As the continued Israeli assault on the Gaza Strip pushed the Palestinian death toll to above 800, the U.S. State Department said Turkey can play a key role in arranging a cease-fire between Israel and Hamas.
Deputy State Department spokeswoman Marie Harf told journalists that Secretary of State John Kerry has regularly been in contact with Turkish Foreign Minister Ahmet Davutoğlu in an effort to end the bloodshed in Gaza.
She said, "The Turkish foreign minister is a key player in the region and has some leverage he can bring to bear on the situation. They have a relationship with Hamas. I mean, they can, you know, have conversations that we can't."
Kerry and Davutoğlu spoke three times on Thursday, Harf added. She declined to give details about the discussions. "Turks have a role to play," Harf said in response to a question regarding Kerry's close consultation with Turkey.
Later on Friday, the Turkish foreign minister flew into Qatar amid mounting U.S. calls on the two Western allies to use their influence with the Palestinian resistance group Hamas to end bloodshed in Gaza.
Kerry, who has been spearheading Western efforts to end the Palestinian territory's deadliest violence since 2008-2009, has repeatedly telephoned both Qatari and Turkish leaders in an effort to broker a truce.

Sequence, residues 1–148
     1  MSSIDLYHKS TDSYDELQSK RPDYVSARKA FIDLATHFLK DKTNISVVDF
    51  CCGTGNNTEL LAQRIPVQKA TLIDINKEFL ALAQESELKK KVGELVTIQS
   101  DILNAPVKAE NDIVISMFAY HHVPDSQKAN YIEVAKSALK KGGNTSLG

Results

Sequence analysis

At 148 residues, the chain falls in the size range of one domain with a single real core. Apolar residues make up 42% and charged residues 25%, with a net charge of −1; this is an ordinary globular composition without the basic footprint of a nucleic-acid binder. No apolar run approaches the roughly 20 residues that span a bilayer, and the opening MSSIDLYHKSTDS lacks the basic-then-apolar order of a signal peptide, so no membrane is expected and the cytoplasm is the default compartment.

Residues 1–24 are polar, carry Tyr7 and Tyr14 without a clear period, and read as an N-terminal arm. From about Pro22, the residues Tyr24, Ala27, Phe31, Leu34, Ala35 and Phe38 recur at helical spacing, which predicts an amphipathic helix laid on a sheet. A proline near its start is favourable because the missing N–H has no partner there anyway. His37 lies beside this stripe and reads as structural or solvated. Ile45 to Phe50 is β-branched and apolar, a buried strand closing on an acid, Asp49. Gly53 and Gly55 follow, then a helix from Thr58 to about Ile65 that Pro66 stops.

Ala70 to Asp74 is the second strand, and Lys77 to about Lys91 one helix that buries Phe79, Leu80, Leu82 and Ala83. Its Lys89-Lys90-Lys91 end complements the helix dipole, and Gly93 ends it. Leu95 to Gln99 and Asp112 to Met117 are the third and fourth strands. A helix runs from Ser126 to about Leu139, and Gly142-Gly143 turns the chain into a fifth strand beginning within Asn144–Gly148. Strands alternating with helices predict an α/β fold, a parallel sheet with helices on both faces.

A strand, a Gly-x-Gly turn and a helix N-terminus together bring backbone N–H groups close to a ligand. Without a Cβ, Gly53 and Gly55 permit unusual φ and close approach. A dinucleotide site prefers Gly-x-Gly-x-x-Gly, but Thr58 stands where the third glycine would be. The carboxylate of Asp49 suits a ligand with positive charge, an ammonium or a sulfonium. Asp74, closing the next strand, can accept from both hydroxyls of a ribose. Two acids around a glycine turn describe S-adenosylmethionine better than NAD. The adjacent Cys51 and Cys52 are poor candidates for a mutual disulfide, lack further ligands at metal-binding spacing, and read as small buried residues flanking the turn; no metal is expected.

"I am in Qatar for Gaza cease-fire negotiations that have intensified for a couple of days and not stopped in the last 24 hours," Davutoğlu wrote on his official Twitter account.
"I will hold detailed meetings with our Qatari friends, who have been making great efforts together with us to stop the bloodshed in Gaza," he added.
Davutoğlu scrapped a scheduled visit to France to hold crisis talks with Turkey's key partner and back Hamas in its refusal to accept a cease-fire without concessions from Israel.
Hamas has been demanding the Israelis commit to easing the eight-year-old Israeli blockade of Gaza and release re-arrested Palestinian prisoners as a condition for a cease-fire.
Turkish media said that while in Qatar, Davutoğlu is scheduled to meet with Hamas leader Khaled Meshaal, who is based in its capital Doha and who reiterated the Islamist movement's truce conditions late on Wednesday.
"We are doing our best for a cease-fire but I don't know if we will get any result," one unnamed Turkish official said.
On Twitter, Davutoğlu said without elaborating that he would hold talks with "Palestinian parties with the aim of ensuring that merciless attacks targeting our Palestinian brothers come to an immediate end."
Turkey, a staunch critic of the Israeli assaults in Gaza, is pressing for Hamas to be involved in any negotiation for a cease-fire.
Turkish Prime Minister Recep Tayyip Erdoğan, who is recognized as a rare global Muslim leader who stands up for Palestinian rights, has accused Israel of carrying out a "genocide" in Gaza.
Turkish and Qatari criticism of Egyptian-led efforts for a truce have seriously complicated U.S. efforts to broker an end to the violence that has killed more than 800 Gazans, many of them civilians, sparking a mounting world outcry.